Design Pattern Orchestration & Choreography



  • Service orchestration represents a single centralized executable business process (the orchestrator) that coordinates the interaction among different services.
  • The orchestrator is responsible for invoking and combining the services.
  • The relationship between all the participating services are described by a single endpoint (i.e., the composite service). The orchestration includes the management of transactions between individual services. Orchestration employs a centralized approach for service composition.


  • Firstly, in orchestration, as you know, a central process is responsible for when and how services are invoked. In the case of a synchronous system where the orchestrator makes HTTP calls to services in series, the communication might look something like the following diagram.


  • Alternatively, you might wish to take an asynchronous approach, in which a message broker is used to store the information about jobs that the services must complete. In this case, your communication would look something like the following diagram.



  • Easy to maintain and manage as we unify the business process at the center.
  • In synchronous processing, the flow of the application coordinates efficiently.


  • Creating dependency due to coupled services. For example, if service A is down, service B will never be called.
  • The orchestrator has the sole responsibility. If it goes down, the processing stops and the application fails.
  • We lose visibility since we are not tracking business process.


  • Service choreography is a global description of the participating services, which is defined by exchange of messages, rules of interaction and agreements between two or more endpoints. Choreography employs a decentralized approach for service composition.
  • The choreography describes the interactions between multiple services, where as orchestration represents control from one party’s perspective. This means that a choreography differs from an orchestration with respect to where the logic that controls the interactions between the services involved should reside.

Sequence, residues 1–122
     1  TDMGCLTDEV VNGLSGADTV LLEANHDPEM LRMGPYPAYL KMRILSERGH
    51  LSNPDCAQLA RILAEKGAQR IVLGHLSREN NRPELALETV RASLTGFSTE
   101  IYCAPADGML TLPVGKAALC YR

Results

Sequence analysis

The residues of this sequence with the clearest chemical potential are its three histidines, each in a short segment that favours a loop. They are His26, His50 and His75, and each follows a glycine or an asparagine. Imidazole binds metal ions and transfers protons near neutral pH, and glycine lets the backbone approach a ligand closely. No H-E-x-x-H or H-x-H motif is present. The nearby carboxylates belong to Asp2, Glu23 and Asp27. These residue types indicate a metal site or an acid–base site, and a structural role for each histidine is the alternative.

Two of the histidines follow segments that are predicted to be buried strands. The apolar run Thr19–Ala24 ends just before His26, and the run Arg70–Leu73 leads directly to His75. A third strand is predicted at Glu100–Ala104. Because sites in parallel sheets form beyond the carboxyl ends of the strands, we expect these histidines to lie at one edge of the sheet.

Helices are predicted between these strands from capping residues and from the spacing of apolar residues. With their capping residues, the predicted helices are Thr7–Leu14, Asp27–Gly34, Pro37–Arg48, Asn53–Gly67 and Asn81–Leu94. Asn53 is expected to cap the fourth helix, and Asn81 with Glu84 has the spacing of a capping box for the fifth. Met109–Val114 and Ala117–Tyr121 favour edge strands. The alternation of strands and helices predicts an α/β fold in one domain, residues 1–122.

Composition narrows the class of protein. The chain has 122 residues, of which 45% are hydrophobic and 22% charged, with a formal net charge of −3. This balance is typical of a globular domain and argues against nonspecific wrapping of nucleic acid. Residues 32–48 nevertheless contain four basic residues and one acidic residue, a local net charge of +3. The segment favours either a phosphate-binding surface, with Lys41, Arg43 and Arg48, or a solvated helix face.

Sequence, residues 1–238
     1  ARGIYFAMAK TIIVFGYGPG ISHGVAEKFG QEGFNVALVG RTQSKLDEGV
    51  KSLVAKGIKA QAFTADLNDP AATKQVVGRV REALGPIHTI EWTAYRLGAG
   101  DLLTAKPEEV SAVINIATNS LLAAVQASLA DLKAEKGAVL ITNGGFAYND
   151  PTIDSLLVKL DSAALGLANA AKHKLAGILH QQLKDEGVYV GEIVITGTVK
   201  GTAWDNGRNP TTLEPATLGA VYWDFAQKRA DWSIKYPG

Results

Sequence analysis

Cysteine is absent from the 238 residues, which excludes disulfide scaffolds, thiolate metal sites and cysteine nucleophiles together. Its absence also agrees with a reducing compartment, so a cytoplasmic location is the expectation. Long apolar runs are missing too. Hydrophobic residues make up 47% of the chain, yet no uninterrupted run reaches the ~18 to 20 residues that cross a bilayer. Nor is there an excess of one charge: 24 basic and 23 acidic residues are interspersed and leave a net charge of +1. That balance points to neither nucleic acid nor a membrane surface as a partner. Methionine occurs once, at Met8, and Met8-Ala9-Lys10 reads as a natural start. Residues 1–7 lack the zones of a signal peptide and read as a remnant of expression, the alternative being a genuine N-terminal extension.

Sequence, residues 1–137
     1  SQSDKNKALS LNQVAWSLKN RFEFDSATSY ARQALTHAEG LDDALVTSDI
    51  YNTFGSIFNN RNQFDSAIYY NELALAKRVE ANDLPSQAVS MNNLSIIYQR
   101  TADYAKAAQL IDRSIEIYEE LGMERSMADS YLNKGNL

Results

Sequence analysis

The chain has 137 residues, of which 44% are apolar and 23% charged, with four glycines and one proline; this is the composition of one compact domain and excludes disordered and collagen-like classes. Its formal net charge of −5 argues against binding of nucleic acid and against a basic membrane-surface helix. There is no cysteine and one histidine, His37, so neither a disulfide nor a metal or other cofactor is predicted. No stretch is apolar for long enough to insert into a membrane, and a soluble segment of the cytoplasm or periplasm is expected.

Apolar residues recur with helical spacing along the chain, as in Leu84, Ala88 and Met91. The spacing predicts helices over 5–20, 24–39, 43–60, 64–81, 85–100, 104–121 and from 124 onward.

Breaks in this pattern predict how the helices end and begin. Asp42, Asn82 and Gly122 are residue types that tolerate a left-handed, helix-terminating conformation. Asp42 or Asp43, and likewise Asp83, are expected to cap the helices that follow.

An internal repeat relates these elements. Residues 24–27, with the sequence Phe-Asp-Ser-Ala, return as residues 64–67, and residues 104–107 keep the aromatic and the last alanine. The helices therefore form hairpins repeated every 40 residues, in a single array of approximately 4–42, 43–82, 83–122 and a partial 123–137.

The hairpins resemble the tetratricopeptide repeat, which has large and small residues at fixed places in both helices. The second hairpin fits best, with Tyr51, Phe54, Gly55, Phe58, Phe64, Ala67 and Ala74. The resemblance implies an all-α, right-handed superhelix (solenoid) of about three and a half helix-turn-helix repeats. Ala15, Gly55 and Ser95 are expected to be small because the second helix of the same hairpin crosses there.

• This decentralization means that each service is aware of a small piece of the big picture, but only those parts in which the service plays an active role. The services are otherwise unaware of their overall position and relevance concerning the business workflow under execution.


  • As you can see, each service is responsible for invoking and responding to any adjacent services as needed. This behavior is also true for asynchronous communication, with the main difference being the inclusion of a message broker instead of direct HTTP calls.


  • In this asynchronous approach to workflow choreography, each service subscribes to and publishes specific message types directly, rather than an orchestrator being responsible for mediating communication between services.


  1. Faster processing as no dependency on central controller.
  2. Easy to add and update. The services can be removed or added anytime from the event stream.
  3. As the control is distributed, there is no single point failure.
  4. Works well with agile delivery model, as teams work on certain services rather than on entire application.
  5. Several patterns can be used. For example, Event sourcing, where events are stored, and it enables event replay. Command query responsibility segregation (CQRS) can separate read and write activities.


  1. Complexity is the concerning issue. Each service is independent to identify the logic and react based on the specific data in the event stream.
  2. Business process is spread out, making it difficult to maintain, manage the overall process.
  3. Mindset change is prerequisite in the asynchronous approach.

Think :**An Example: E-Commerce Checkout :**

Imagine we have an e-commerce site. When a customer completes the checkout process, a few things need to happen:

  • We need to send an email to the customer with their order confirmation.
  • We need to send the order to our warehouse so we can begin the shipment.
  • If the customer signed up for our rewards program, we need to create a new points balance for them.

It’s important to note that once an order is placed, these next three tasks don’t necessarily need to happen in any particular order. They just need to happen.

Reference :

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